Products in Nuclear Reactors
The light-water nuclear reactor is currently the most widely used type of reactor around the world (also used at Tokyo Electric Power Company (TEPCO)'s Fukushima Daiichi NPS). Bombarding enriched uranium fuel (Uranium-235: 3-5%; Uranium-238: 95-97%) with neutrons results in nuclear fission. Radioactive nuclear fission products such as Iodine-131, Cesium-137, and Strontium-90 are created in this process. When Uranium-238 is bombarded with neutrons, Plutonium-239 is created.
Cesium-134 is not created directly from the nuclear fission of Uranium-235. Through beta disintegration, Xenon-133 and the like, which are nuclear fission products, disintegrate into Cesium-133, and Cesium-133 then turns into Cesium-134 as decelerated neutrons are trapped.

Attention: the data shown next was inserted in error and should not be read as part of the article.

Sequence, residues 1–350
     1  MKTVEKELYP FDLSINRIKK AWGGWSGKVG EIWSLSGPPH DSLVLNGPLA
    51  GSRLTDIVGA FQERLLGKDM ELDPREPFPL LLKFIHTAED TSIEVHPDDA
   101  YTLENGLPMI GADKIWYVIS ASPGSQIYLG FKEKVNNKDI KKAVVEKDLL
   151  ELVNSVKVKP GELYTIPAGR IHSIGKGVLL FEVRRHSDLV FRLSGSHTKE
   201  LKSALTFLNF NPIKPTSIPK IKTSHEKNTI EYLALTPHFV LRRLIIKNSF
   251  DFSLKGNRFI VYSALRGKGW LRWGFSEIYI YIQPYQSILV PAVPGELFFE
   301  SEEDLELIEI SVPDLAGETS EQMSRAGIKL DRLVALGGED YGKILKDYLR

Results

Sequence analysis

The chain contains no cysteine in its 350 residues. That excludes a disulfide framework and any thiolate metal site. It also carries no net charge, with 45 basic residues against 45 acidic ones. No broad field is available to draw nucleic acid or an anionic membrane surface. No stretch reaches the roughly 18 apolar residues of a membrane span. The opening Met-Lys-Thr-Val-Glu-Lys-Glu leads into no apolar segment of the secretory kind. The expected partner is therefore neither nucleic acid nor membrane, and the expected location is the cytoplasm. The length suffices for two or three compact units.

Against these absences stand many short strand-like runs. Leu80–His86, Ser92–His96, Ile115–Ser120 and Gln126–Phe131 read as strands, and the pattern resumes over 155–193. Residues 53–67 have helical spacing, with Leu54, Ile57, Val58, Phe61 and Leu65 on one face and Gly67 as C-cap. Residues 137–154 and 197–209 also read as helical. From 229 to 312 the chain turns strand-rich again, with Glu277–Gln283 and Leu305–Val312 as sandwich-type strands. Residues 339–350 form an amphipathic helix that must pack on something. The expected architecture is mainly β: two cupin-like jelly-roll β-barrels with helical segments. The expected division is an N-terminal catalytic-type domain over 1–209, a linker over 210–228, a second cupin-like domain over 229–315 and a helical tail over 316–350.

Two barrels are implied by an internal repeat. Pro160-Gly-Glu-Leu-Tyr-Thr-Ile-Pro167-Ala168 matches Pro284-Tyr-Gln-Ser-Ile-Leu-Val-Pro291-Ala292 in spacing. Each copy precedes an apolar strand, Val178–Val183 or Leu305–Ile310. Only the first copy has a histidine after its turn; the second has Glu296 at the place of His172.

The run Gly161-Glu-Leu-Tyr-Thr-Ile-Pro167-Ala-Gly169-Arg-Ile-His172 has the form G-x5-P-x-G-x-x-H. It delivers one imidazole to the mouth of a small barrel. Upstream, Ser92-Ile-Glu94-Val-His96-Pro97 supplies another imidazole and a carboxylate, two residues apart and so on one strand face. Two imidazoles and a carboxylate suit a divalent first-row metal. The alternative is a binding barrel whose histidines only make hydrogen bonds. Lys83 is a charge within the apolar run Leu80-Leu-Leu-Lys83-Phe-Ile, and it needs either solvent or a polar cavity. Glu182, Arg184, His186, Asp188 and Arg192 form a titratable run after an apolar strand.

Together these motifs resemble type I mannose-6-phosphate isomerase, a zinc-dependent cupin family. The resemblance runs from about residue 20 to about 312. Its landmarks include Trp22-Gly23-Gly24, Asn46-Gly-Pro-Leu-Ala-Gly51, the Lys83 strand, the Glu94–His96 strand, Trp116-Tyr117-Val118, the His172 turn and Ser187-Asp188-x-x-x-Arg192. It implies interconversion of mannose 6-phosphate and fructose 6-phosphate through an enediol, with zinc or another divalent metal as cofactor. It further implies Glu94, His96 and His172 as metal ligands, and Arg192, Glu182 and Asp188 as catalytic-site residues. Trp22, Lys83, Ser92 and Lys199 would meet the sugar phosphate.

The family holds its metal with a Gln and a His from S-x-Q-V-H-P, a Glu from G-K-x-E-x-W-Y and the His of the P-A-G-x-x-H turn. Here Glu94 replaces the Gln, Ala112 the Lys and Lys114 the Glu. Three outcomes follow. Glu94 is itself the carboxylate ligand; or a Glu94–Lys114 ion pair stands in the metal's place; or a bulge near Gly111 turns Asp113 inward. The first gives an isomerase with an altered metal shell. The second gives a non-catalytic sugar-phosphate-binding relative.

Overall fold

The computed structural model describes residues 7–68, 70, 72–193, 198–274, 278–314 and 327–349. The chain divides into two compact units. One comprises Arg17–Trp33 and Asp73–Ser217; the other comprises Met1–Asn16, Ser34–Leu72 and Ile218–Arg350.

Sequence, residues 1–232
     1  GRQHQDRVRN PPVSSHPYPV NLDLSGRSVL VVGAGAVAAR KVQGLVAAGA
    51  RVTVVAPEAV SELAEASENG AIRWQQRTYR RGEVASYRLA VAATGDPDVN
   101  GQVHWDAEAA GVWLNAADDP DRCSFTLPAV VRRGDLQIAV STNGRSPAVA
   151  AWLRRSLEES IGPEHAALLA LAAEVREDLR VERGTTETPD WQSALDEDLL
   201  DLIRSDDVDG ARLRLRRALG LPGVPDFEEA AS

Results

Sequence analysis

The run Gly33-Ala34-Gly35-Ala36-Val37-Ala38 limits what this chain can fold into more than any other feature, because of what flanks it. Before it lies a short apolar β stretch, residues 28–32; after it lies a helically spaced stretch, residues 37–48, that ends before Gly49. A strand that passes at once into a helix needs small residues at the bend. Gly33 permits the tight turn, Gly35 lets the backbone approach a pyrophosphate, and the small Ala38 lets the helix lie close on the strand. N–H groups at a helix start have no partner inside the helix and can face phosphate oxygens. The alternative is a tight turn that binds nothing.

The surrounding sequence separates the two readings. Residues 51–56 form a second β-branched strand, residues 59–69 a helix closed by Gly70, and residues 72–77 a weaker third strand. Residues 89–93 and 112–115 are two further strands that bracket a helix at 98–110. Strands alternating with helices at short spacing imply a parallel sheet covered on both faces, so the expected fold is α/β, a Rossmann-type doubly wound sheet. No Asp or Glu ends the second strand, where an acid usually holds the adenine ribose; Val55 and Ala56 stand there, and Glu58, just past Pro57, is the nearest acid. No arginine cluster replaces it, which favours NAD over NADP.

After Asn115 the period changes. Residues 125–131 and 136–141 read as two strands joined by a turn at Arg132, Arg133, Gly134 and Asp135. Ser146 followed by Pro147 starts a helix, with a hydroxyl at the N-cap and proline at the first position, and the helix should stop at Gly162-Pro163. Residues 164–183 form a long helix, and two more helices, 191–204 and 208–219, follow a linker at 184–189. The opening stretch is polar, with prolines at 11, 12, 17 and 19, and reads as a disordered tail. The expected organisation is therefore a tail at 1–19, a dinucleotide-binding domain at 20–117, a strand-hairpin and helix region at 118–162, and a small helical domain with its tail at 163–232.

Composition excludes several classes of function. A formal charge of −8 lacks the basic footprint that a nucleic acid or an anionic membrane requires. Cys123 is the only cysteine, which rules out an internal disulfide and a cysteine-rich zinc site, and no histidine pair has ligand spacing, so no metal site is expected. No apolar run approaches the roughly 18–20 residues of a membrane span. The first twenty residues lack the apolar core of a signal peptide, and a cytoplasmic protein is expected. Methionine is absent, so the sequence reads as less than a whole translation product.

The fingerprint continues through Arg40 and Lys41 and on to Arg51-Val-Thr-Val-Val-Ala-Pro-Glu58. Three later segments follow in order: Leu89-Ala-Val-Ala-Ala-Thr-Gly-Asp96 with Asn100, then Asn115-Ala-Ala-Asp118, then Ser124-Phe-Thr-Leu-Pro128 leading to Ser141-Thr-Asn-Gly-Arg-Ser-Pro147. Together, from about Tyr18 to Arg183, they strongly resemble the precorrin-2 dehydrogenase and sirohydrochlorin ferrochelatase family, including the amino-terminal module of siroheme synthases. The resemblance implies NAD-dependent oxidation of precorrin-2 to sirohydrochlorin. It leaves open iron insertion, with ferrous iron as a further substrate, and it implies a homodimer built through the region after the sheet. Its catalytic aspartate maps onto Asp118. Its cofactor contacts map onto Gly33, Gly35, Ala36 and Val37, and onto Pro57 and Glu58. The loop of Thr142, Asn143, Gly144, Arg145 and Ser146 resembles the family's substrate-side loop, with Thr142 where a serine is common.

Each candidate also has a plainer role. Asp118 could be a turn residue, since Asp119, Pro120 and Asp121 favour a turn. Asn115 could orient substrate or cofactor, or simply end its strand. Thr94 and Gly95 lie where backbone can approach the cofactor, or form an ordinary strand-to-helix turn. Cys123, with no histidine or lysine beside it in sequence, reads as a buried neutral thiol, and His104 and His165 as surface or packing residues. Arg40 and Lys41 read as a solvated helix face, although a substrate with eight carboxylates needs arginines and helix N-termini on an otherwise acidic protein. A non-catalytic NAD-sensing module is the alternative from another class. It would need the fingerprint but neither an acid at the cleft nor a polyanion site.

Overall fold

As long as the reactor is working properly, these products remain in nuclear fuel rods and do not leak out of the reactor.
Nuclear facilities are equipped with a variety of mechanisms for preventing leakage of radioactive materials, but if they all stop functioning properly, radioactive leaks will occur.
- Included in this reference material on March 31, 2013
- Updated on March 31, 2019